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8 Reasons Why Your Dog Suddenly Doesn't Want to Eat

Analysis by Dr. Karen Shaw Becker

lack of appetite in dogs

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  • Healthy dogs are almost always healthy eaters, so a decrease in your pet’s appetite is very often a sign of an underlying condition
  • Make an appointment with your veterinarian if your dog’s appetite changes, and make an urgent appointment if the change is very sudden or dramatic
  • There are many potential causes for loss of appetite in dogs, including a painful condition, dental or gum disease, and stress
  • It’s very important that your veterinarian identifies and resolves the root cause of your dog’s lack of appetite rather than simply treating the symptom
  • Once the cause has been determined and treated, it’s important to calculate the number of calories your dog should consume each day to regain and maintain an ideal weight

A healthy family dog who is underweight is a rarity these days. The vast majority of dogs with a weight problem need to lose rather than gain weight. That’s why if your dog is dropping pounds (or ounces in the case of tiny breeds), it’s usually tied to a change in appetite.

And as most experienced pet parents know, a change in a dog’s eating habits — especially a loss of appetite — is a red flag.

Your Dog’s Appetite Is an Indicator of His Overall Health

If your dog refuses to eat for longer than a day or two, especially if there are other symptoms, or if there’s a sudden noticeable reduction in his food intake, it’s important to see your veterinarian right away. If the decrease is gradual, it’s just as important to get him checked out, but it’s not as urgent a situation as a sudden, dramatic change.

It will be your veterinarian’s job to search carefully and thoroughly for the underlying cause of your pet’s loss of interest in eating, because there’s almost always a cause. His appetite won’t improve long-term until the root cause of the problem — not just the symptom — is identified and addressed.

Appetite stimulants prescribed by your veterinarian can be useful in the short-term, but they don’t address the underlying problem of inappetence. They may for a time successfully treat the symptom (refusal to eat), but not the cause.

When it comes to treating a dog who won’t eat, there’s no one-size-fits-all approach. Your veterinarian must do a thorough physical exam and diagnostic workup, and investigate metabolic changes such as hypertension, blood potassium levels, anemia, or vomiting. He or she should also consider any medications or supplements your pet is taking to rule those out as a cause.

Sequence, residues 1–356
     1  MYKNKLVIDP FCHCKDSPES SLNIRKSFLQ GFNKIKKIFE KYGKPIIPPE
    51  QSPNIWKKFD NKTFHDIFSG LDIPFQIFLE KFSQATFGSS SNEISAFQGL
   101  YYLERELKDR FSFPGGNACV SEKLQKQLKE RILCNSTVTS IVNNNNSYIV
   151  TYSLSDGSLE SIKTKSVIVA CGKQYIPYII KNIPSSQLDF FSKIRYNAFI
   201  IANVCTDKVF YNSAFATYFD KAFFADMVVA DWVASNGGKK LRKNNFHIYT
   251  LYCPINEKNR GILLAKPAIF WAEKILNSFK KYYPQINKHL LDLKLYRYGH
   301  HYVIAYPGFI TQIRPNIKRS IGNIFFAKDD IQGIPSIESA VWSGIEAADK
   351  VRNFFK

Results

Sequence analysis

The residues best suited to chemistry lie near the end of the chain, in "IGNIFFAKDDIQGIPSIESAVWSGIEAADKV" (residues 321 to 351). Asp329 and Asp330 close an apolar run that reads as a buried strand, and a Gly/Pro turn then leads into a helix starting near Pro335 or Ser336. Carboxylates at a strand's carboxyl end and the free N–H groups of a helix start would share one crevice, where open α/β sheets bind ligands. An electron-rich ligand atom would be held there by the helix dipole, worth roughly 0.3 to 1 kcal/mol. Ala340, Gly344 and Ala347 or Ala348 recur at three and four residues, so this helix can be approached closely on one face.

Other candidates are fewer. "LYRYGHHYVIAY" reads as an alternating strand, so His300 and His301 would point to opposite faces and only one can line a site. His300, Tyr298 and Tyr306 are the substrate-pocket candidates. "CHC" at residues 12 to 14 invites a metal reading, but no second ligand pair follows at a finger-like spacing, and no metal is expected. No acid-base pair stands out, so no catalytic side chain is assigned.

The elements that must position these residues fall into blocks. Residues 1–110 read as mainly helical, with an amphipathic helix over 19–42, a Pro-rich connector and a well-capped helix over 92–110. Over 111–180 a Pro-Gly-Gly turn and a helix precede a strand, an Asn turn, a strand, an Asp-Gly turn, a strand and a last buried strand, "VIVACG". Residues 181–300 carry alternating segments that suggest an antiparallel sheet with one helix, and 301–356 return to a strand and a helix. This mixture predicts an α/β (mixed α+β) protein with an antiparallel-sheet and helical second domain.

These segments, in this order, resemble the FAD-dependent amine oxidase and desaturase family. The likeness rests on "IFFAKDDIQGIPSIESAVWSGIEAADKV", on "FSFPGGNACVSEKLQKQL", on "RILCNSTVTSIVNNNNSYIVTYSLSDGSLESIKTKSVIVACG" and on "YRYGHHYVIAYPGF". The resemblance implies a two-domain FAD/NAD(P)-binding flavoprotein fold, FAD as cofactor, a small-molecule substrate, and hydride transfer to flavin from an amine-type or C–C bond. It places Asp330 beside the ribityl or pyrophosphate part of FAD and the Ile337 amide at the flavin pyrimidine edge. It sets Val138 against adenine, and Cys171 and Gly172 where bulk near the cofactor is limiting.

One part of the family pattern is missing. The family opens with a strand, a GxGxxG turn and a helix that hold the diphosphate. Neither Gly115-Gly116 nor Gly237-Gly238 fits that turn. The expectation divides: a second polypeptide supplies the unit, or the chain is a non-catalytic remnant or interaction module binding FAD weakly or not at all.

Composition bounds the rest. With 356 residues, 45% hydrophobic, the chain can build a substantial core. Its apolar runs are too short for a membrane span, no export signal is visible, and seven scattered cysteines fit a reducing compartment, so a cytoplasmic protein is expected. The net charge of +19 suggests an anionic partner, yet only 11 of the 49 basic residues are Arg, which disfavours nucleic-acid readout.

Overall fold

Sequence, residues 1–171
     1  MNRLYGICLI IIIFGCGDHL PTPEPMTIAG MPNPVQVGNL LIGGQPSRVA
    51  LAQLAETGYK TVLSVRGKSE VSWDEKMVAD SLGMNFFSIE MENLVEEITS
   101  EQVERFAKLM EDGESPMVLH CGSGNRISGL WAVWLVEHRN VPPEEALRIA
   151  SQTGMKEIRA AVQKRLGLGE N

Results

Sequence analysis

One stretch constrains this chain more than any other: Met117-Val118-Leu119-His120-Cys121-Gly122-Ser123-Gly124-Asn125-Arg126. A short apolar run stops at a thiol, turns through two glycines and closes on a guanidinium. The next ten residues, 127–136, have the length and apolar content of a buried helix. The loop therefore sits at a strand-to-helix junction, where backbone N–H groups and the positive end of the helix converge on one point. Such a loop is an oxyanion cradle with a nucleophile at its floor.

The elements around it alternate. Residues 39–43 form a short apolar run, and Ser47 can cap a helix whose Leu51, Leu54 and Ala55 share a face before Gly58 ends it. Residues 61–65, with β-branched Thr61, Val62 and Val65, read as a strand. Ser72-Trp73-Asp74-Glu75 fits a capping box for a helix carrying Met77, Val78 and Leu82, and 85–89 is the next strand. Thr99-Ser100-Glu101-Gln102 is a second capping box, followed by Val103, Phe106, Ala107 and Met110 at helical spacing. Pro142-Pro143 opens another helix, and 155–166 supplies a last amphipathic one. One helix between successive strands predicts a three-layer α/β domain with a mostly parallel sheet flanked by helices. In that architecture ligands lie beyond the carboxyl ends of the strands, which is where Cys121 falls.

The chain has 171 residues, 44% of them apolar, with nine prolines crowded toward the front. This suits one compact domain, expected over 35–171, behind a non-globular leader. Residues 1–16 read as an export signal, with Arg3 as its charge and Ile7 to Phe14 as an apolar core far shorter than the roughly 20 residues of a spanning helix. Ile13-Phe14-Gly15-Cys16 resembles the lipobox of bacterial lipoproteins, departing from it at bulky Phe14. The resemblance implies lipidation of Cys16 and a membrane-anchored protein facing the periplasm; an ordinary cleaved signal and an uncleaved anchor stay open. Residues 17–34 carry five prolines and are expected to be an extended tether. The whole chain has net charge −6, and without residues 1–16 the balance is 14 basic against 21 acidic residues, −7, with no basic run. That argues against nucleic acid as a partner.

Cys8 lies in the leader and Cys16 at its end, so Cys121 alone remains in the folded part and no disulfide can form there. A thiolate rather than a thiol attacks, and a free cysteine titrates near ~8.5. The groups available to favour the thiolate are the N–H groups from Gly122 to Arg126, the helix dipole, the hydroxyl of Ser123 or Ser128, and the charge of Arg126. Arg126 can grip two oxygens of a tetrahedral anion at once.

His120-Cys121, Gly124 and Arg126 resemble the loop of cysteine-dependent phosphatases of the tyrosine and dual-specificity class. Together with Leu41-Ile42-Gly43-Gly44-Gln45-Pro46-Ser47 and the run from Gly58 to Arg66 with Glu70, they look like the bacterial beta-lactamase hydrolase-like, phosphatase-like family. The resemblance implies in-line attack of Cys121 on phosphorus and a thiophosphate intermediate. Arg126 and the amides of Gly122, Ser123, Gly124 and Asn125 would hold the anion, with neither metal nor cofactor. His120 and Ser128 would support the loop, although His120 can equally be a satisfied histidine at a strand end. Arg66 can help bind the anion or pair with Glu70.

You’ll also want to fill your vet in on any changes that have occurred in your dog’s environment or daily routine that might be causing him stress.

The cause of your dog’s disinterest in eating will determine an appropriate treatment approach. If there’s an underlying disorder that can be successfully treated or managed, his appetite should return to normal as the condition resolves.

Causes for Loss of Appetite in Dogs

When a dog with a normally good appetite loses interest in food, it’s a symptom of an underlying problem. Potential triggers include:

Dental or gum disease — Sometimes a problem in your pet’s mouth can make eating a painful experience. This can be a broken or loose tooth, severe gum disease, or an oral tumor.

Pain — A painful condition anywhere in the body, and especially in the GI tract or mouth, can cause your dog to eat less or refuse to eat.

Illness — A dog who feels sick will often show little or no interest in eating. Sometimes it’s just a passing gastrointestinal (GI) disturbance; other times it’s much more serious, such as a systemic infection, liver or kidney disease, or cancer.

Nausea — While relatively uncommon in dogs, nausea can certainly put your pet off her food. Unless there’s an underlying illness, nausea most often accompanies car travel.

Recent vaccination — Loss of appetite can be an immediate adverse effect of vaccination.

Stress — If your dog is feeling stressed for some reason, he may turn away from his food bowl. For example, some dogs don’t have much appetite when they’re in an unfamiliar place, their favorite human is away from home, or when there are other pets around at mealtime.

Obtundation — This condition is a lack of alertness more pronounced than lethargy and is usually the result of an underlying medical condition such as hypercalcemia, metabolic disease or trauma.